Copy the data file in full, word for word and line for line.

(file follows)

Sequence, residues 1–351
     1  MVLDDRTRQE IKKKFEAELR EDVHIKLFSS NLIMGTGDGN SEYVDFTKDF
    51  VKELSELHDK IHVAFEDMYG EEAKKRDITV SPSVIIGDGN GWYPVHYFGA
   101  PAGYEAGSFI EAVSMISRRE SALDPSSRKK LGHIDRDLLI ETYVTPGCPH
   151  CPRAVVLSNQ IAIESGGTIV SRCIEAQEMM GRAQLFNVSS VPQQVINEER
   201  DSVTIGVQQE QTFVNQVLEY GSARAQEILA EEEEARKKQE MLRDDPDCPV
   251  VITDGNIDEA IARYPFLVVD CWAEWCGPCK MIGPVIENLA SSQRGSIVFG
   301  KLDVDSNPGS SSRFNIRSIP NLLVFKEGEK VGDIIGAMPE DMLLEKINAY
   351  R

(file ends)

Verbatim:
Sequence, residues 1–351
     1  MVLDDRTRQE IKKKFEAELR EDVHIKLFSS NLIMGTGDGN SEYVDFTKDF
    51  VKELSELHDK IHVAFEDMYG EEAKKRDITV SPSVIIGDGN GWYPVHYFGA
   101  PAGYEAGSFI EAVSMISRRE SALDPSSRKK LGHIDRDLLI ETYVTPGCPH
   151  CPRAVVLSNQ IAIESGGTIV SRCIEAQEMM GRAQLFNVSS VPQQVINEER
   201  DSVTIGVQQE QTFVNQVLEY GSARAQEILA EEEEARKKQE MLRDDPDCPV
   251  VITDGNIDEA IARYPFLVVD CWAEWCGPCK MIGPVIENLA SSQRGSIVFG
   301  KLDVDSNPGS SSRFNIRSIP NLLVFKEGEK VGDIIGAMPE DMLLEKINAY
   351  R